• Hair breakage – Excessive force on the strands makes hair prone to snapping and breakage, especially when wet.
  • Thinning hair – Pulling on hair follicles can gradually weaken them and cause temporary or permanent hair loss.
  • Bald spots – Constant twisting of hair in the same area can result in smooth bald patches on the scalp.
  • Hair loss – The chronic tugging associated with trichotillomania can lead to progressive hair loss.
  • Scalp damage – Vigorous and forceful twisting can injure the scalp, causing soreness, redness and scabbing.

10 Tips to Stop Hair Twirling

If you want to stop hair twirling, here are 10 techniques and lifestyle changes you can try:

1. Find a Replacement Behavior

Whenever you feel the urge to twirl or pull hair, immediately do an alternate behavior that keeps your hands occupied. Some replacements to try include:

  • Squeeze a stress ball
  • Snap a rubber band on your wrist
  • Play with a fidget toy
  • Spin a coin through your fingers
  • Squeeze hands together
  • Tap fingers
  • Build/stack objects
  • Fold paper into shapes

Having a go-to replacement ready makes it easier to resist hair pulling in tempting moments. Keep fidget objects, toys, or craft supplies nearby to occupy the hands.

2. Use Physical Barriers

Putting up physical barriers can prevent mindless access to your hair. Tactics include:

  • Keep hair tied up or clipped back
  • Try styles like buns, braids or ponytails
  • Wear gloves or bandages on hands/fingers
  • Wear a hat, scarf, headband or wig
  • Wrap hair in a silk scarf or towel while at home
  • Consider temporarily shaving your head

Making hair inaccessible reduces temptation and friction that can damage the hair. Protective barriers are especially helpful in mindless trance-like pulling.

3. Eliminate Environmental Cues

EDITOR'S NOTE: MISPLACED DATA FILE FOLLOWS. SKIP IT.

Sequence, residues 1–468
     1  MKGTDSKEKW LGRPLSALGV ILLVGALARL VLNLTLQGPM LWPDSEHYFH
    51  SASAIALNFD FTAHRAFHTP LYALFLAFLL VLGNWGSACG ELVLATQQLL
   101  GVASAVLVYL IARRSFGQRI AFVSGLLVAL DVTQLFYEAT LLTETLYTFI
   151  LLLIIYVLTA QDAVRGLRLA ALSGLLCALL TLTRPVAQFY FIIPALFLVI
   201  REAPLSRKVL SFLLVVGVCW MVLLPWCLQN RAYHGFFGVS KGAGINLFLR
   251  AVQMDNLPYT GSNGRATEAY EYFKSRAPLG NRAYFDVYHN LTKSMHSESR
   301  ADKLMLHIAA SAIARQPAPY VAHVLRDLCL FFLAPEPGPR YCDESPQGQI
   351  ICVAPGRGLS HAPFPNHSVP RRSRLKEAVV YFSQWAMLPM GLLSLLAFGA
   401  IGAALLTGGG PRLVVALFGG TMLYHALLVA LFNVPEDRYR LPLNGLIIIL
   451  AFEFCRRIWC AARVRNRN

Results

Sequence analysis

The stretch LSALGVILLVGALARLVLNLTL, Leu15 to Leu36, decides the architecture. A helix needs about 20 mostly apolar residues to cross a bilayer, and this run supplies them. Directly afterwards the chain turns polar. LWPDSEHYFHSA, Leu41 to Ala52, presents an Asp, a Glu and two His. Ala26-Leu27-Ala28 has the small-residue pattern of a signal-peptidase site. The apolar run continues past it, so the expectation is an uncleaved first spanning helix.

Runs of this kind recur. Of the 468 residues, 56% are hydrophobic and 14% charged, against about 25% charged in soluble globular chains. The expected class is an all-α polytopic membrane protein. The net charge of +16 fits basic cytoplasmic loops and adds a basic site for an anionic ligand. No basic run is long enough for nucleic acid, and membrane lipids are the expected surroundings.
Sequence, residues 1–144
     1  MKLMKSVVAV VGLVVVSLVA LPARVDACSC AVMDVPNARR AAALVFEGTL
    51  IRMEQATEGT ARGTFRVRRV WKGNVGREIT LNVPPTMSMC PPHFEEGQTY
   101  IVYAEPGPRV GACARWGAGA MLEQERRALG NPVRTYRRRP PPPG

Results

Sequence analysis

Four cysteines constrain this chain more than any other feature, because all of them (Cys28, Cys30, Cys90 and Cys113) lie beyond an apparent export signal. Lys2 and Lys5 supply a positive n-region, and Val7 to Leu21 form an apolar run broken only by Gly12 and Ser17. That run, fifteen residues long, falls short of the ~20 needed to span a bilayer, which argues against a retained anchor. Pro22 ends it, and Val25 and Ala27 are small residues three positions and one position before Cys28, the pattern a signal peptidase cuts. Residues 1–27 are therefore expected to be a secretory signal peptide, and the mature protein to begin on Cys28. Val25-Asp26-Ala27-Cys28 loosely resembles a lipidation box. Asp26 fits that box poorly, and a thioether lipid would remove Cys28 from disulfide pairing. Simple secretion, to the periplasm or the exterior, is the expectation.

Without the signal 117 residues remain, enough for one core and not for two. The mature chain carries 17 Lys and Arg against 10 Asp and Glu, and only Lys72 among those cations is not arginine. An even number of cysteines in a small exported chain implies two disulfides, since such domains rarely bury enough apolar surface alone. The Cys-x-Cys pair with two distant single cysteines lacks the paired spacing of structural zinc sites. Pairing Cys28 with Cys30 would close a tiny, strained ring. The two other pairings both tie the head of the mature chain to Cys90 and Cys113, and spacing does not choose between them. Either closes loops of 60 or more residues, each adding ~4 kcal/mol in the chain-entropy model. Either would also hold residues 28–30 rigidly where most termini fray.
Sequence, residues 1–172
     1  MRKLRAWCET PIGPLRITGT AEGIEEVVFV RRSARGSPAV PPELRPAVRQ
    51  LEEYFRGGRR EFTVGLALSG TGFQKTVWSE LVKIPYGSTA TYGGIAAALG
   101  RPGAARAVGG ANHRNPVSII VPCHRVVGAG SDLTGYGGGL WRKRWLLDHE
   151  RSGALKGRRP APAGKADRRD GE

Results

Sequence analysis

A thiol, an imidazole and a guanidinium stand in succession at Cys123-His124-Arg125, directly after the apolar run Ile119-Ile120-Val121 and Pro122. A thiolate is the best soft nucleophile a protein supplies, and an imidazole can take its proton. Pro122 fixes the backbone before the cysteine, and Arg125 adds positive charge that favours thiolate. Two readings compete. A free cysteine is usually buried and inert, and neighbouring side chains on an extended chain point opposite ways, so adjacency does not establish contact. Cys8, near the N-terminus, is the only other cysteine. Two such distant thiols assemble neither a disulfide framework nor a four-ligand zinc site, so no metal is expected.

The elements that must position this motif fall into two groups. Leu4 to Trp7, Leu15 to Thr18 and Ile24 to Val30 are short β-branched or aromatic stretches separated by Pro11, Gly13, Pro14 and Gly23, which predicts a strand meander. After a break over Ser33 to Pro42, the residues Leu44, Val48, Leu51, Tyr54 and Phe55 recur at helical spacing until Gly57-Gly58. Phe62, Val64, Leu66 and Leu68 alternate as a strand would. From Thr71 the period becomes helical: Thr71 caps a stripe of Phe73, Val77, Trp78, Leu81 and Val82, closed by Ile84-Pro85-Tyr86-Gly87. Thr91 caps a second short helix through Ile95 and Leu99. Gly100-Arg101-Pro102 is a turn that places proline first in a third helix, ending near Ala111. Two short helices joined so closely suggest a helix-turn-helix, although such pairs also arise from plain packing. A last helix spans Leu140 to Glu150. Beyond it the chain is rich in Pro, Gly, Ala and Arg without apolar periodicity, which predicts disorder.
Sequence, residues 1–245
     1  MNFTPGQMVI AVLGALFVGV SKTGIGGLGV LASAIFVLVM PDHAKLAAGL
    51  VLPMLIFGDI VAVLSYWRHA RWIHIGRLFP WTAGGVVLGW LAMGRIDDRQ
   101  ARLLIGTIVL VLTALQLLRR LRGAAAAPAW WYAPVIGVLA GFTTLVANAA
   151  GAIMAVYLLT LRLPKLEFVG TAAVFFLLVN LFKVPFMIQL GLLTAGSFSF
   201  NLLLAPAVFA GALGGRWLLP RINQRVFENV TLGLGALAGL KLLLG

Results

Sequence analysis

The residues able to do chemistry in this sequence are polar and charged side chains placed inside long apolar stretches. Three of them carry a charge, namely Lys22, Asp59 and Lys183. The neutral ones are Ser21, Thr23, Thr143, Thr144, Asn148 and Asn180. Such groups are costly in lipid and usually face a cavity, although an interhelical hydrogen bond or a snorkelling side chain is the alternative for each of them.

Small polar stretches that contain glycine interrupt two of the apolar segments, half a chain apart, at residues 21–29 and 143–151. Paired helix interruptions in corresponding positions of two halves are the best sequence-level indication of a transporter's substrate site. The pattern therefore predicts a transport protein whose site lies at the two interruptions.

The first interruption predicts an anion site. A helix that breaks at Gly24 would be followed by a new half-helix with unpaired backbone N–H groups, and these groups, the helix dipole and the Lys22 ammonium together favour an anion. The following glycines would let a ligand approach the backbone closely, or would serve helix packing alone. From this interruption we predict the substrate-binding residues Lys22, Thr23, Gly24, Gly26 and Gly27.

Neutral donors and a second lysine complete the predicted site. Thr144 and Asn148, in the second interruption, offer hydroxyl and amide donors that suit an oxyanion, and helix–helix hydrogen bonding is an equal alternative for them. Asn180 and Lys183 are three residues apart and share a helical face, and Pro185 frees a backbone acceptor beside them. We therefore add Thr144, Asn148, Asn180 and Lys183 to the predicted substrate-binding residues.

Remove triggers in your home and work spaces:

  • Get rid of magnifying mirrors and tweezers
  • Install bright lighting – this helps avoid trance-like pulling
  • Eliminate background noise/TV if it triggers twirling
  • Keep hands busy at the computer with stress balls, cubes, etc
  • Put soothing lotions and hair products out of sight
  • Use short nails to reduce pulling ability
  • Keep a diary and track/change high-risk environments

Controlling your immediate environment removes temptation and reduces absent-minded hair access.

4. Practice Mindfulness and Meditation

Mindfulness training teaches present-moment awareness and conscious control over urges. Useful techniques include:

  • Body scans – notice physical sensations when you feel like pulling
  • Observe triggers objectively without judgement
  • Visualize letting go of tension in the scalp muscles
  • Do conscious breathing when you catch yourself touching hair
  • Yoga promotes mind-body connection and self-regulation

Regular meditation makes you more aware of hair pulling as it occurs so you can stop it. Apps like Headspace provide excellent guided mindfulness exercises.

5. Identify Underlying Emotions

Hair pulling often provides emotional relief or distraction. Get to the root feelings driving the urge:

  • Keep a feelings journal tracking your emotions around episodes
  • Notice if boredom, sadness, anger, anxiety, or stress precede pulling
  • Practice calming rituals like deep breathing when difficult emotions emerge
  • Develop healthy methods to express feelings like exercise, art, or calling a friend
  • Consider counselling to uncover subconscious motivations

Finding alternative emotional coping outlets lessens dependence on hair pulling over time.

6. Consider Habit Reversal Training

Habit reversal training uses three steps to rewire the behavioral response:

  1. Awareness training – Recognizing pulling when it happens
  2. Competing response – Immediately doing a replacement behavior when you pull
  3. Motivation – Tracking progress and reinforcing reasons for change

One study found 70% of people experienced reduced hair pulling after 8 weeks of habit reversal training. It takes consistency but can be very effective at retraining the mind and body.

7. Seek Professional Help

For severe, uncontrollable cases of trichotillomania, seek help from a doctor, psychiatrist or therapist. Treatment options may include:

  • Cognitive behavioral therapy (CBT) to change thought patterns around hair pulling
  • Exposure and response prevention (ERP) to resist hair pulling urges
  • Medications like SSRIs, anti-anxiety, or ADHD medications